But what most people fail to realise is, if you look at our normal dal, rice, vegetables and roti — that is vegan by default, if you just skip the ghee tadka, it’s purely vegan. So much so, most vegetarian food in India is vegan if you just skip the milk products; be it ghee, curd, milk, cheese, paneer, butter or buttermilk. Sure, I might have to skip on delicious and fancy dairy-based Indian sweets, but that’s okay, I really don’t feel like I am missing out on something, instead, I am actually thriving on vegan food. Even puran poli minus the ghee is purely vegan (laughs).

We are often told that being vegan is better for health? Is that true?

A lot of people take up the vegan lifestyle to help them with medical conditions and diseases that are known to be aggravated and often directly connected with the consumption of meat and dairy. Your acne, gut-related issues and PCOS, for example, are directly aggravated by the consumption of dairy. And also cancer, diabetes, thyroid — everything is being aggravated by the increase in contamination in dairy and meat. Since the demand for dairy and meat is so high, natural methods of sourcing dairy or meat will never be able to meet it.

Therefore, non-ethical methods are being used to increase dairy and meat production. And these methods, ranging from problematic methods of maintaining the cattle to the usage of antibiotics etc have harmful effects on our bodies, once we consume dairy or meat. The first change that I saw after I went vegan, and this was after around six months, was the disappearance of my acne. I used to constantly battle with acne, I had to visit dermatologists every month and I would be put on antibiotics, and birth control pills, and my hormones would be monitored — it was a horrible vicious cycle.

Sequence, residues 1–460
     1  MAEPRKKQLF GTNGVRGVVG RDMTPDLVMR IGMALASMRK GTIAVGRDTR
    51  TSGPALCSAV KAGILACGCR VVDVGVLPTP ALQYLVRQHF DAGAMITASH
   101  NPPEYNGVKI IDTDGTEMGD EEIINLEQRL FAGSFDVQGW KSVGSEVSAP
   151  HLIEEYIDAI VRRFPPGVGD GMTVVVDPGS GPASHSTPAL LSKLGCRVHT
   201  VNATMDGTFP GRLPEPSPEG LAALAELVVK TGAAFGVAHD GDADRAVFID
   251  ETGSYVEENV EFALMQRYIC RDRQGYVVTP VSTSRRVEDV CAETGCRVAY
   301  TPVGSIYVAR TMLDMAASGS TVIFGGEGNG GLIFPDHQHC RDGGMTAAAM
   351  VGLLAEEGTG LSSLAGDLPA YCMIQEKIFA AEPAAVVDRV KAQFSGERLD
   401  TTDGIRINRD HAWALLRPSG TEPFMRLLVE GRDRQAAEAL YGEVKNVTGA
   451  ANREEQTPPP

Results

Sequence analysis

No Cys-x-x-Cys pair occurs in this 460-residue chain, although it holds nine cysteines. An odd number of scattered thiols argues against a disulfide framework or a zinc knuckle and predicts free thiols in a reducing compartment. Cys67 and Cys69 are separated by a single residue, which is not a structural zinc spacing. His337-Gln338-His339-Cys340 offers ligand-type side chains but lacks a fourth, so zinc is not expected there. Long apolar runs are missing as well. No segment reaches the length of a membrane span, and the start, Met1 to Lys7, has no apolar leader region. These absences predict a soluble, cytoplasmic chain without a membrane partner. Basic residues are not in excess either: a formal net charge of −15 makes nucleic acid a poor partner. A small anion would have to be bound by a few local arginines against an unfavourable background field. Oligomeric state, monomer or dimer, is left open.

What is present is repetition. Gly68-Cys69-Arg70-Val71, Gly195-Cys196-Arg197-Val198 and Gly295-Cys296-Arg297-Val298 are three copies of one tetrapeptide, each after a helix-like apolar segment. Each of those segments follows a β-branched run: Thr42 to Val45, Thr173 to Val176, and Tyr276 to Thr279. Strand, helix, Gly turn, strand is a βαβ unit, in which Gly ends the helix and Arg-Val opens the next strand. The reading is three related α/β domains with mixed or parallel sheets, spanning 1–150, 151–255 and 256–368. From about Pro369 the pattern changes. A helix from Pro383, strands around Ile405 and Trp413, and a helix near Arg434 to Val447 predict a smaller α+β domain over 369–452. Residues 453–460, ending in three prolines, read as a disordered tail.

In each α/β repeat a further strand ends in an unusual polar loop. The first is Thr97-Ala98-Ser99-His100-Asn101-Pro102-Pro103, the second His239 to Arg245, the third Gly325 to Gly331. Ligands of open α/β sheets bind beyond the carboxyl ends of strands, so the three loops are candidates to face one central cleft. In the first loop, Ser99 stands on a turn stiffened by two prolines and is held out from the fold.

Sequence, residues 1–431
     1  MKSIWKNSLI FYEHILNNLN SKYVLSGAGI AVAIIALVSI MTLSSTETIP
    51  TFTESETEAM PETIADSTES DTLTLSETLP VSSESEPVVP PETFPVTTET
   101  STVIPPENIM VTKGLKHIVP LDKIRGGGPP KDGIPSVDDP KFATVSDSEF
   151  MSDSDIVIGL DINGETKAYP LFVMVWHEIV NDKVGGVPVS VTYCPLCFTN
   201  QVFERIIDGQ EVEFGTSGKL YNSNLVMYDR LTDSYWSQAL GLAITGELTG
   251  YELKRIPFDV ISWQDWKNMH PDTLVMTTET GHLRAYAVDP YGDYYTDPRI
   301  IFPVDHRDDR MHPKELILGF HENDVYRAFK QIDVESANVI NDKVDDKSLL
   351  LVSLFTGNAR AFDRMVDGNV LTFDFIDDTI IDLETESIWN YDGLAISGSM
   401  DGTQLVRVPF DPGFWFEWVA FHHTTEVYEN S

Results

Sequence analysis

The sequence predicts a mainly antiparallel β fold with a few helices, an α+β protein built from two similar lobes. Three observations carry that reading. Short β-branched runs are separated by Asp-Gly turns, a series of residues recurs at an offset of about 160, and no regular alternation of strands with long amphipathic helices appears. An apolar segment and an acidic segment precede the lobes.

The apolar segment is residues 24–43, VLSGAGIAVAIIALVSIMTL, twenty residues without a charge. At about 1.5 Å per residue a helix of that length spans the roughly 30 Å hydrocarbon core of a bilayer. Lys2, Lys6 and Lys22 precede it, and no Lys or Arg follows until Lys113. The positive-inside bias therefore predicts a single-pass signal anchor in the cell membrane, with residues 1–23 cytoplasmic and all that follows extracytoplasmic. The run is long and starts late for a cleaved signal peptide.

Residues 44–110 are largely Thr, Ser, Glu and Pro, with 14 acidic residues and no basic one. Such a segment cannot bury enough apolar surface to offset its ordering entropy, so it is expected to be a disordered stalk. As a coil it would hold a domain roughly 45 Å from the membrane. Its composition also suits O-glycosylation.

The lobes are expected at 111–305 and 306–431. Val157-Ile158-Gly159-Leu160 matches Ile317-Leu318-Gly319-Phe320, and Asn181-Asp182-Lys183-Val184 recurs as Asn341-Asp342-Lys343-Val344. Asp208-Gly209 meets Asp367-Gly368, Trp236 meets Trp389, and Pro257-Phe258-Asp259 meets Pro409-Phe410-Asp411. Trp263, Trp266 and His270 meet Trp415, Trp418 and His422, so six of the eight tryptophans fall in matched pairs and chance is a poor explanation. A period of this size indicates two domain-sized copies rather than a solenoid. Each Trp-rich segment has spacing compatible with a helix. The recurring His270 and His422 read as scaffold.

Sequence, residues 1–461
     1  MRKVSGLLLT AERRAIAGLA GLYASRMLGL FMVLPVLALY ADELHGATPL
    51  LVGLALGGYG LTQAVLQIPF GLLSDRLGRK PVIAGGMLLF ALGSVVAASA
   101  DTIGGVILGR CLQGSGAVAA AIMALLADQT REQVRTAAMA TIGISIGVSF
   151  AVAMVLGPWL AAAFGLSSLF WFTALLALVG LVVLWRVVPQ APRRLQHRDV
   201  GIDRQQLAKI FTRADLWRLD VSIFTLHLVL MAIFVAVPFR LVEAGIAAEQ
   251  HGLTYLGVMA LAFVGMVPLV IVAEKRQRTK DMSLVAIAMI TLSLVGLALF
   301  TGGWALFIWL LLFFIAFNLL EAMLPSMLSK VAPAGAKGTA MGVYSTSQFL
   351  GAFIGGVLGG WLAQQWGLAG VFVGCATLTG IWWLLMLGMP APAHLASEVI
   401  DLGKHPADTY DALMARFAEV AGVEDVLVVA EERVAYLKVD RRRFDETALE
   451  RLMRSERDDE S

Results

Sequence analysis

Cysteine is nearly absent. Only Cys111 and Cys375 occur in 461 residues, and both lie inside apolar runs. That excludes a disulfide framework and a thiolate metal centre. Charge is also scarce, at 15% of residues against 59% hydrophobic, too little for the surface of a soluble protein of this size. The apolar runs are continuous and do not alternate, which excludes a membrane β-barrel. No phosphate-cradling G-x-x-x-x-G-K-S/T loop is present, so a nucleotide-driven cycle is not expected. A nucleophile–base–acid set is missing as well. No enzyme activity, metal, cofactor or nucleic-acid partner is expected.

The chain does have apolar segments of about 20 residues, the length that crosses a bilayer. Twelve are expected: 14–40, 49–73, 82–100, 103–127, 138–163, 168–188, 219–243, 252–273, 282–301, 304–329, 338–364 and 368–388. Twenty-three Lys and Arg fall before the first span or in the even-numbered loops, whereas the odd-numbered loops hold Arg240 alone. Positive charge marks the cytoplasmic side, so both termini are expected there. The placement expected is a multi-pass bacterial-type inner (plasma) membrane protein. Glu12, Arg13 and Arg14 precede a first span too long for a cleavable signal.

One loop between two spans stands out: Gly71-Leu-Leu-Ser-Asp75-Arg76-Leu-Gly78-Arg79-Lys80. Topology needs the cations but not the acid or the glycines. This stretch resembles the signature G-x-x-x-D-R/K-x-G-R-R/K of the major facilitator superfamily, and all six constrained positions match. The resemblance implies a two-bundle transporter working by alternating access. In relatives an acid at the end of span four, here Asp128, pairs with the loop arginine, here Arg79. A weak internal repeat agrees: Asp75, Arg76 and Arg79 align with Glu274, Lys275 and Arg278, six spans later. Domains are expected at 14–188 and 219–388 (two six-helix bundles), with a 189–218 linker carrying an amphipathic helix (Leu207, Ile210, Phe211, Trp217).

If I stopped the medicines even for a short time, I would have to go back to a dermatologist again, as the acne would flare up within a week or two. The moment I stopped dairy, however, it started decreasing on its own, without me even realising it. My acne became less frequent and then after a while, completely stopped. And now I have been having great skin, even on the days when my hormones are all over the place.

I’m not sure if my hair has benefitted from the diet change, but it has become healthier since, and my gut is definitely much better too. The knowledge that I am also not contributing to the exploitation of other sentient beings has surely had a great effect on my mental health.

Actress Sadaa

How do you deal with anti-vegans or trolls and haters?

Of course, we have a lot of people who poke fun at me and say things like: you’re breathing micro-organisms and eating insects without being aware of it, or killing them unknowingly, so how can you be vegan? Yes, they are absolutely right. Veganism is not the perfect lifestyle in any way. No vegan claims that they are not killing some organism — what it is, is the most conscious ethical way of living, where consciously you are saying no to anything that comes via the exploitation of other sentient beings.

And finally, what can we see you in next?

I just finished a project with director Teja, who had launched me in Jayam, 20 years ago. I am also doing a guest appearance in another film that I can’t talk about right now, and I just started a dance show with Endemol India in Telugu.

(This story has originally appeared in Indulge)

India Matters